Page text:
Kitchen tour - spicesI buy quite a few of my spices in bulk, which makes these racks and spice jars from good ol’ Ikea just perfect. Here I keep things like turmeric, chili powder, cumin, garlic powder, and mustard seeds, among others. They’re within easy reach when I’m cooking and don’t look too shabby on the wall there. You can’t see in this photo, but many of the jars are labeled on the side thanks to my handy label-maker. Ideally I’d have all my spices easily accessible like this (and all bought in bulk), but I think those racks would need to be floor to ceiling to accommodate everything!

Kitchen tour - spicesHere is my most shameful spice storage area. Located in the cupboard to the left of my sink, this is where all the oddly shaped and less-commonly-used spices typically wind up. In there you’ll find a little of everything: a box of cinnamon sticks, a bag of mace, a jar of Jamaican curry powder I nabbed from the free table at work, and various spice and seasoning blends I’ve been gifted. It’s all just crammed in there and I’m quite ashamed of the disorder. At least it’s well hidden by a cupboard door most of the time… that’s helped make the situation more palatable! I really really need to clean out my cupboards and rearranged everything, but I’ve yet to dedicate the time to that arduous task.

Kitchen tour - spicesMoving on… a slightly more organized storage site: The drawer to the right of the stove, which is a fairly typical spice drawer. Here’s where all the jars and small containers wind up. Some are rarely used (poppy seeds, caraway seeds, the “pie spice” blend I also rescued from the free table) while others have been refilled with new spices (see the crossed-out label on the cumin jar?). This is also our junk drawer, as you can see, and quite frankly I’m proud it’s really only a quarter-sized junk drawer and not a full one! (Side note: That “everything bagel” seasoning blend from Trader Joe’s is THE BEST. )

Not pictured here is the carousel rack of really really old spices I “inherited” when Steven and I moved in together; it came from his apartment and I frankly shudder to think how old some of them are. But I hate waste, so… there they remain. And honestly, I do occasionally use them. It’s not like spices go bad; they just become less potent. Six giant shakes of “poultry seasoning” it is, then!

Finally, there’s one more cupboard with spices, but this one is high above my sink and functions as storage for the bulk bags of spices that I then mete out into the glass jars in smaller quantities. I don’t feel too badly about this particular spice shelf since it’s difficult to reach without a stool. It seems like a pretty good use of the space.

So! There it is. My shameful distribution of spices. If you have a great idea of how to consolidate everything, I’m all ears!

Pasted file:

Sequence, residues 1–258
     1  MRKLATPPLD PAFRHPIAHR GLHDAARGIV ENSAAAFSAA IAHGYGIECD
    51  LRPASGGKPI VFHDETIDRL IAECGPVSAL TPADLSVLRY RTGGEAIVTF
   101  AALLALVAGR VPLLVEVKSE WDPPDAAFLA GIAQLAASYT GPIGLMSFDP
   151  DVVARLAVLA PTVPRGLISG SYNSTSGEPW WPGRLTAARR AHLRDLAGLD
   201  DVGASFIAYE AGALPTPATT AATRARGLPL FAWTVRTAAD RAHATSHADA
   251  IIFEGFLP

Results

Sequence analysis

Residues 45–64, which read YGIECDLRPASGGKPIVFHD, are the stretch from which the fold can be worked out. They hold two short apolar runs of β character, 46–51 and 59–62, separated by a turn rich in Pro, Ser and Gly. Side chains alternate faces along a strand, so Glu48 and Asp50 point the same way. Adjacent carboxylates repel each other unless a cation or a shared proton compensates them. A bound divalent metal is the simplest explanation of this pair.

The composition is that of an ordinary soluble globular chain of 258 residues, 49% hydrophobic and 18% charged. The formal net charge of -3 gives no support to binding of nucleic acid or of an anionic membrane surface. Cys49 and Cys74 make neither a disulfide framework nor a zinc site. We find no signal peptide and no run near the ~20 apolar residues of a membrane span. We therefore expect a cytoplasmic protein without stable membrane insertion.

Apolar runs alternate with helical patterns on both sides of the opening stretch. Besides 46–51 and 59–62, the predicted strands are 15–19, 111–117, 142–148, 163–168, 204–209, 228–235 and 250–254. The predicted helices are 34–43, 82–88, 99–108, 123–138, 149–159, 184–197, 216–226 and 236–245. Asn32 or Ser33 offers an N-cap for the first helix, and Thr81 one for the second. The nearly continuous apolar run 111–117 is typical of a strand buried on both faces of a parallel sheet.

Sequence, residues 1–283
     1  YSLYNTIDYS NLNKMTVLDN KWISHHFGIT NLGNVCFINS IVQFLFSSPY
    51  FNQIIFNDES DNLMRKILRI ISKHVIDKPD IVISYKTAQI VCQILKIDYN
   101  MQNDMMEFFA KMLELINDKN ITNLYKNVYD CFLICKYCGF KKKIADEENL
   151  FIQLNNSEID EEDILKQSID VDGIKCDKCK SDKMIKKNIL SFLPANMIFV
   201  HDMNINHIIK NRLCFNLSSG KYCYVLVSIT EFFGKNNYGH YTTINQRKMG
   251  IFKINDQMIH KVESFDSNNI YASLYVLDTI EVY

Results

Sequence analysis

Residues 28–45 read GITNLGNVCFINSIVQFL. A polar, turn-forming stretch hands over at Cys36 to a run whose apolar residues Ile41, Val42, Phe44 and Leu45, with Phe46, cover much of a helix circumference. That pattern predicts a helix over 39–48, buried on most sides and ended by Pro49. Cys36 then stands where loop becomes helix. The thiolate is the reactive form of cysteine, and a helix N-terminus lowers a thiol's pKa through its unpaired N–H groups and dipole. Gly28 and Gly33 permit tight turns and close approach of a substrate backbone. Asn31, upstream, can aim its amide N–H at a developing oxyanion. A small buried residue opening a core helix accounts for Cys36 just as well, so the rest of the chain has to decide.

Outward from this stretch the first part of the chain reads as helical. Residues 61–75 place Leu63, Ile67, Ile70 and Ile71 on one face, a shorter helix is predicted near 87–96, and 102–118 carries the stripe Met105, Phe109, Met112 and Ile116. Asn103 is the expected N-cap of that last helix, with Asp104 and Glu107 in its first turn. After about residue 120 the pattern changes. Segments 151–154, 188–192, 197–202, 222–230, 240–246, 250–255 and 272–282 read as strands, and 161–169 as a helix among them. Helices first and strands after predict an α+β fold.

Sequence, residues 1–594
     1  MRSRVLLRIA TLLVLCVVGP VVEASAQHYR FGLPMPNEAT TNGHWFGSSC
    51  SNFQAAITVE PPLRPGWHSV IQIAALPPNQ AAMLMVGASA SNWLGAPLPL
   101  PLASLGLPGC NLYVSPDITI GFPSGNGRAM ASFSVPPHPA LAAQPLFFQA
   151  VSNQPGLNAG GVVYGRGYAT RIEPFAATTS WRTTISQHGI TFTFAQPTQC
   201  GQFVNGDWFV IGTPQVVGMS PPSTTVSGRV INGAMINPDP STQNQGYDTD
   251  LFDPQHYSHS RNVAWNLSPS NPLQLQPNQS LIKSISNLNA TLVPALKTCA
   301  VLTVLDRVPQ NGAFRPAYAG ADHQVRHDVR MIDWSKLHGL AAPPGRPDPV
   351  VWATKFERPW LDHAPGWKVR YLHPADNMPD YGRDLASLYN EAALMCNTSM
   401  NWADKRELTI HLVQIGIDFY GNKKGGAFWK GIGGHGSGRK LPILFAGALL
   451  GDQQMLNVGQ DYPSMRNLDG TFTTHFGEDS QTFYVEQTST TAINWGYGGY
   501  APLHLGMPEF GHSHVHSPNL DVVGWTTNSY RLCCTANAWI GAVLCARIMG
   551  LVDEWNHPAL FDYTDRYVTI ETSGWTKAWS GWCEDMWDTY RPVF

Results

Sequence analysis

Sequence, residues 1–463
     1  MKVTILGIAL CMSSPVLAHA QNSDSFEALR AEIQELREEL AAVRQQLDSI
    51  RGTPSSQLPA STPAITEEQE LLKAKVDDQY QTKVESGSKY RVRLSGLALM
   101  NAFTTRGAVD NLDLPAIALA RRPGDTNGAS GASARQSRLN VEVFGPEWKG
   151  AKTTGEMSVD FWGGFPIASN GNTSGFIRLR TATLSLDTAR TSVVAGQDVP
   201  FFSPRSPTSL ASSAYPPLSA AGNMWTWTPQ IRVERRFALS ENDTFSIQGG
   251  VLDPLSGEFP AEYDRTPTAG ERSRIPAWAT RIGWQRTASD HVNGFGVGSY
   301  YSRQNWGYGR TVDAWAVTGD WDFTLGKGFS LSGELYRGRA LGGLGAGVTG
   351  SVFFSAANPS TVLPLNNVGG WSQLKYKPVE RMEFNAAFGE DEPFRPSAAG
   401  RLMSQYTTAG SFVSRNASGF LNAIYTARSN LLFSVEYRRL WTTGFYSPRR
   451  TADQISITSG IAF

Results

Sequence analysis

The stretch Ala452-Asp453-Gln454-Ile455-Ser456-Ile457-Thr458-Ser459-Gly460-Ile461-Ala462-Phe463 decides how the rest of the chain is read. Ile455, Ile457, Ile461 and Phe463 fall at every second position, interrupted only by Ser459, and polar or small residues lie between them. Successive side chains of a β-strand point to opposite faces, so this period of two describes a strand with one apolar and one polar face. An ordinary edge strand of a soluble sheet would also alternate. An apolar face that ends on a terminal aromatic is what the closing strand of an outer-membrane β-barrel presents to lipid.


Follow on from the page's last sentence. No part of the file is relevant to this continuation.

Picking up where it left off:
Roasted Broccoli Galette with an Almond Meal Crust | VeganMoFo 2017 Day Fourteen

VeganMoFo 2017

Week Two: Behind the Scenes
Repurposing food: Show us what you do with mushroom stems, stale end bits of bread, carrot tops, etc.

If I were to take this prompt literally and to show you what I do with leftover bits of food, I would be sharing a picture of the compost bin at work, where all my vegetal leftovers wind up. Not a pretty sight, but perhaps a reminder to try a little harder to use all the bits and bobs leftover after cooking.

One remnant I do use up, every time, is the almond pulp left over after making almond milk. Although you can certainly use it right away as a wet ingredient in crackersfeta, and even coconut Bounty Bars (!), I prefer to dry mine to create almond meal or flour. To do so, I spread the clumps onto a baking sheet and put it in the oven at a low temperature (~250˚F) until it’s dried and crackly on top. Then I turn off the heat and let it continue to dry out, sometimes overnight. I then use the dry container of my Vitamix to process it into meal. It’s a relatively hands-off process, and I’m left with quite a lot of almond meal each time.

That being said… when I checked my almond meal stores in the pantry before embarking on the recipe I’m about to share, here’s what I found:

Nearly empty almond meal canisterThat is a sadly depleted store of almond meal, alas! So, for this recipe — which, by the way, makes a pair of sweet toasty galettes — I’m using less almond meal than I would have liked. Next time, I’ll increase the almond meal and decrease the flour accordingly.

So, with that out of the way… with what shall I fill my only-slightly-almondy crust, you ask? Another oft-discarded ingredient: broccoli stems!

Well, not just broccoli stems, but the whole broccoli stalk. In this simple galette, crispy roasted broccoli adds a flavorful crunch and lots of nutrition to a cheesy filling. As I mentioned in last week’s cheese-centric MoFo post, I don’t actually purchase premade vegan cheese all that often, opting instead to make my own. And although it’d be relatively simple to spread a nice cashew cream (or my tofu-walnut ricotta) on this galette, truthfully, I didn’t feel like making one! I wanted a sharper, deeper flavor and more meltiness, and I wanted the simplicity of using something pre-made. Use your favorite cheddar or go for the gold and make your own cheese. It’ll be tasty either way.

Broccoli-cheese galette with an almond meal crust

Roasted Broccoli Galette with an Almond Meal Crust

Makes two single-serve galettes or one large galette

For the filling
  • Two heads broccoli
  • 3 cloves garlic or 1 teaspoon garlic powder
  • Dash sea salt, optional
  • ~1 tablespoon olive oil
  • 1 1/2 cup vegan cheddar shreds
For the crust
  • 1 cup unbleached all-purpose flour
  • 1/3 cup almond meal
  • 1/2 teaspoon salt
  • 1/2 teaspoon garlic powder
  • 1/3 cup vegan butter, chilled and cubed
  • 1/3 – 1/2 cup ice-cold water
  • Nutritional yeast (optional)

Preheat the oven to 400˚F.

Roughly chop the broccoli, including the stems, into bite-sized pieces. I like to shave the rough edges off the stems but that’s not necessary. Toss with olive oil, salt, and garlic, then transfer to a baking sheet and roast for 15 minutes.